Meditation is just not that complicated.
Meditation is not mysterious and inaccessible.
We can all find a way to do it and a time to do it and it will be beneficial.
Here are 12 basics, 3 tools
and 1 simple practice to get started.
Theory: It is entirely up to you to choose to change and grow. Meditation is neither introspection nor hypnosis — it is a systematic technique for taming the wild things known as thoughts (often disguised as desires and negative habits of mind). Buddha said, “All that we are is the result of what we have thought.” Jesus called this sort of self-realization a “pearl of great price“. But do not be deterred thinking that meditation has to be a spiritual or religious pursuit. Following the breath and other techniques are purely secular. (Though I like to think of the benefits of meditation as a pearl of great price indeed.) Here are a few things to know, feel, do and not do about the big M:
1. There is no one answer. M is entirely personal. There are as many techniques as thumbprints.
2. Make it a habit: 3 times weekly for 10 minutes is good; daily is better; 20 minutes daily better still; and so on.
3. M activates really useful parts of the brain like the pre-frontal cortex — responsible for higher functions like logical reasoning, planning and imagination as well as emotions like compassion. M will grow your mind in all the right ways.
4. Make M a habit like brushing your teeth; not a task on the to-do list. Remind yourself M is a treat.
5. M is a time to commune with your own true nature, (the you-ness of you) and transcend the external mind. A reach for the pearl, as it were.
6. M will carry you to a place of inner tranquility and teach you how to access that excellent place more freely.
7. M will release emotional stress, grow awareness, and shift you from over-drive into neutral.
8. M is magic for helping you articulate desires. Set intentions at start of M and you will be amazed what comes of it.
9. Clear a space, a place, a time, get a timer and find a comfortable way to sit. (see Tools below)
10. M is the art of taming the ‘monkey-mind’ and training yourself to focus on one sure thing – ex.the movements of breath (add mantra sometimes.)
11. M is a time for noticing, not doing. When attention wanders, as it surely will, gently return attention to your breath. That’s IT. Distractions, like sirens on the rocks, will be tempting and you may find yourself wondering about dinner, worries and other thoughts. But instead of trying to force yourself to ignore, play along for as long as it takes to notice and dissolve the thoughts and feelings and redirect attention to the breath (or mantra.)
12. After M you will be a calmer, more focused, and less cranky person, friend, child, parent — and these benefits only deepen and grow with time and the habit of practice.
3 TOOLS: Timer, Journal, Seat.
TIMERS: Set a timer so that you never worry about how long is too long. (I admit that otherwise my mind spends a lot of time wandering and thinking about why this meditation is taking so long). Here are 3 I use: Blue Moon Timer and Stopwatch– little black timer that could not be easier to operate and has a pleasant chime, Salubrion Enso Asari Timer (Oyster Grey) – a beautifully designed little thing with multiple functions; Insight Timer – a phone App I use when traveling.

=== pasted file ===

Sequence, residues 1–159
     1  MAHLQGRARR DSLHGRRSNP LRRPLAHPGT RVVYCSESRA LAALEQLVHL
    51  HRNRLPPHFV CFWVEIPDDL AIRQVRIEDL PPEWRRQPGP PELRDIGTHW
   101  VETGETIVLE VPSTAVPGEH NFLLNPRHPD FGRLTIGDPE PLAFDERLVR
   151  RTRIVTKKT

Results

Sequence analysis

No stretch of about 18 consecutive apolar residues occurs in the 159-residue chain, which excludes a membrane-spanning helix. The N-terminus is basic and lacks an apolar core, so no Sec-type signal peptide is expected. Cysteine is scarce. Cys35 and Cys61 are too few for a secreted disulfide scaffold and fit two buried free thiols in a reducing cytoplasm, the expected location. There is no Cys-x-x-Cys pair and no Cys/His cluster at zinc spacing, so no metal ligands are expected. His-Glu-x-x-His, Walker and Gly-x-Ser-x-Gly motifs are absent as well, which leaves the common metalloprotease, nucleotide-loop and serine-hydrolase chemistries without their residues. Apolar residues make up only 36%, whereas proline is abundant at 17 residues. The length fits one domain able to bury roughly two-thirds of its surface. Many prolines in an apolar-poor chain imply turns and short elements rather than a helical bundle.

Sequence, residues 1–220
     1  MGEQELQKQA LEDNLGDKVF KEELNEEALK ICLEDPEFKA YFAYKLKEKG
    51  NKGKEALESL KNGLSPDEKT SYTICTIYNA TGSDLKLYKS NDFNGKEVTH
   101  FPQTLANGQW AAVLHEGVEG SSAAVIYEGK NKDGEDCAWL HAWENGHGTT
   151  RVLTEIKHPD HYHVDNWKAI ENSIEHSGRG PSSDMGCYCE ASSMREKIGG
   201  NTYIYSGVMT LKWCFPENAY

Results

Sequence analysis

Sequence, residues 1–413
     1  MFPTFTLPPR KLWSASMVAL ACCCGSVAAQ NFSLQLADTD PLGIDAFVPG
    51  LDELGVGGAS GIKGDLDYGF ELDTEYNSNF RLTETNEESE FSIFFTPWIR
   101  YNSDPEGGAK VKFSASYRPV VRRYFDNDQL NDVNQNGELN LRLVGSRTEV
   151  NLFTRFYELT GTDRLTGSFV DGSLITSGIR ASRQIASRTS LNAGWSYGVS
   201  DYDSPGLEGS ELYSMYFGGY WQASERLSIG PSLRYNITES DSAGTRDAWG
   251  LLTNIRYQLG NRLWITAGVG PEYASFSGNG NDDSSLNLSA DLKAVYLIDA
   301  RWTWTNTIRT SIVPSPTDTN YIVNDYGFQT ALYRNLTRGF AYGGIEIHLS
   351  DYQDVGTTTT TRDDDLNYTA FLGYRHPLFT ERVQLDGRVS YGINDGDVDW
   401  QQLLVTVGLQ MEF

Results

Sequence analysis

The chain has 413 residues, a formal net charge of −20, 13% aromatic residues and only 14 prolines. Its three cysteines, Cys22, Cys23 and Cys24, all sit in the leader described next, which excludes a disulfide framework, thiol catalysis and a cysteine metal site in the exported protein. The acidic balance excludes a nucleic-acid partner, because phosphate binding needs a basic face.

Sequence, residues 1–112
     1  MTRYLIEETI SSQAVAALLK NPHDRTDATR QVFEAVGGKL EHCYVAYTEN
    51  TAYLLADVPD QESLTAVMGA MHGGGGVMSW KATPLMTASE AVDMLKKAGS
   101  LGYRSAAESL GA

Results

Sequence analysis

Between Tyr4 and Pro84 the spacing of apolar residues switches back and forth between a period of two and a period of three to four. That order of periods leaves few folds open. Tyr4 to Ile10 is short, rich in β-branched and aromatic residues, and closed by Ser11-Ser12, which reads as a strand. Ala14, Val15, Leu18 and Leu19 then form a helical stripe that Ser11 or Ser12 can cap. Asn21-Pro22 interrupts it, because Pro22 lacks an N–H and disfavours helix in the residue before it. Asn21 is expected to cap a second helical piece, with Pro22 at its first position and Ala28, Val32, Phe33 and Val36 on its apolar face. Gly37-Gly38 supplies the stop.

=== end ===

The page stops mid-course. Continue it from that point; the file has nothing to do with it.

SEATS: I use a functional set like this one that provides great support and is easy on the knees. Buckwheat Meditation Cushion Set (2pc), Black. For travel I take this one along: Manduka Travel Seat. A friend has a company called Hedgehouse and she makes these chic throw beds. We are working on details for our very own Lah Life set of meditation cushions — so stay tuned for that one.
PRACTICE: Breath watching is the simplest practice I know. There are many others and one-on-one instruction is a great way to go. (read here)
1. Find a comfortable seat on a cushion or in a chair. Lying down is fine, but the energy does flow differently and it is more likely you will fall into sleep instead of meditation.
2. Set your timer. (3, 10, ideally 20 minutes.)
3. Set an intention for the practice. Anything from “I will enjoy this time of peace and quiet” to a positive affirmation about something you desire. Day after day of setting intentions will show you just how effective this meditation/intention setting can be!
4. NOW: Watch, feel and notice the air entering and leaving the nostrils. Watch, feel and notice the belly rise and fall. When your mind wanders (and it surely will) simply acknowledge the thought. Notice the thought and then return to the breath. You may have to redirect the mind over and over but do it without judgement or frustration. This is in fact the act of purifying the nervous system as thoughts come and you are able to let them go.
5. When the timer goes off, sit for 30 seconds before popping up and launching into your day. Remind yourself of the the intention you had for the practice. Notice the difference in the way you feel. You may want to write down some thoughts.
BEWARE: Though it may be tempting, refrain from popping up during M to write down a brilliant thought. Life altering ideas are still there afterwards. I promise.